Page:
Quintessential Canadian Cuisine

nfh7.jpegNot many people immediately think of Canada when they are asked to name countries with excellent cuisine. However, though Canada may not include particularly exotic ingredients, the food produced here is certainly some of the world’s best.

In honor of February’s celebration of the 26th annual Cuvee festival, a gathering where Niagara’s most talented chefs and winemakers present their fare to locals and visitors, here are some of Canada’s most iconic foods to sample during your next trip to Niagara Falls.

1. Maple Syrup

It isn’t just coincidence that put the maple leaf on Canada’s flag — it is Canadians’ profound love of the sticky, sweet sap the tree produces. As versatile as it is iconic, maple syrup isn’t just for breakfast foods; natives will drizzle it on just about anything, from pancakes to bacon. Cooked into candy and mixed into marinades, maple syrup shows up in Canadian recipes you’d least expect. Make sure to try as many maple goodies as you can while you’re north of the border, and bring back a bottle, or five, of the sap to experiment with your own maple creations.

2. Poutine

This monstrosity of a meal is becoming more famous in the United States, but it remains a recognizably Canadian dish. French fries slathered in gravy and littered with cheese curds makes for a salty, gooey treat that will fill your calorie requirement for at least two days — but somehow, it’s always worth it. While there are many variations on poutine, you should start out with the traditional three ingredients for the real Canadian experience.

3. Beaver Tail

Though Canada developed into an important colonial holding due to its profitable beaver trade, this noteworthy treat has nothing to do with the dam-building rodents. Instead, a beaver tail is a huge, sweet pastry, perfect on cold Canadian days. Shaped like their namesake, sweet pastry dough is then topped with the diner’s preferred garnishes, which can include chocolate syrup, fruit, sprinkles, or, of course, maple syrup.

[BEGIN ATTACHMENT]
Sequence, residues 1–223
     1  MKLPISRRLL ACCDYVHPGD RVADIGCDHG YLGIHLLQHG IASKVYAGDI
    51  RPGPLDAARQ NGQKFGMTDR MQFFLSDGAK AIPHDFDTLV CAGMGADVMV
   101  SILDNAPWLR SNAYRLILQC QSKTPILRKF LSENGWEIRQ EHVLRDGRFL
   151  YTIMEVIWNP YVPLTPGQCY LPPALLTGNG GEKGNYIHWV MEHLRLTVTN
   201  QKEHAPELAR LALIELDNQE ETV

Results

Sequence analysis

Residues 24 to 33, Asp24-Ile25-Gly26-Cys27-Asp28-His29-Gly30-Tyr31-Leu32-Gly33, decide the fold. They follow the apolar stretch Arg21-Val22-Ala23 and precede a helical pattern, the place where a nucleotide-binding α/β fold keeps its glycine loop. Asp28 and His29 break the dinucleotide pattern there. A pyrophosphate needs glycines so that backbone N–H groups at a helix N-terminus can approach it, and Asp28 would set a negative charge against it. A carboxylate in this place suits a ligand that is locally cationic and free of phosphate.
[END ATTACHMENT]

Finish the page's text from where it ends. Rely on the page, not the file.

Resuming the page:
4. Nanaimo Bar

Another favorite Canadian dessert, the Nanaimo bar is much simpler to make at home than the beaver tail, but the real thing can only be tasted at a Canadian bakery — though they require no baking whatsoever. The treats are layer cookie bars, and like poutine, they have spawned several hundred varieties due to their popularity. However, the traditional Nanaimo bar as first created in Nanaimo, British Columbia, features a graham cracker base, vanilla custard filling, and chocolate ganache top.

nfhj8.jpeg5. Bannock

Every culture has its own type of bread: Jews have challah, the French have baguettes, and the American South has cornbread. Canadians enjoy a quick, biscuit-like bread called Bannock that is incredibly adaptable to any meal. Covered in icing and sprinkles, bannock tastes just like a doughnut. Wrapped around a hotdog, bannock is buttery and crisp just like a toasted bun. During at least one meal in Niagara Falls, you are bound to find bannock sitting next to your plate.

6. Ketchup Chips

Americans enjoy dipping potato chips in a variety of sauces — from French onion to Mexican bean — but very few would ever consider slathering their crisp in bright red ketchup. However, ketchup is such a popular topping for potato chips in Canada that familiar chip vendors in the states, Frito-Lay for example, produce (and frequently sell out of) ketchup-flavored varieties. While these snacks won’t win a culinary award anytime soon, you won’t find a bag of Ketchup chips in America, so you should sample them while you have the chance.


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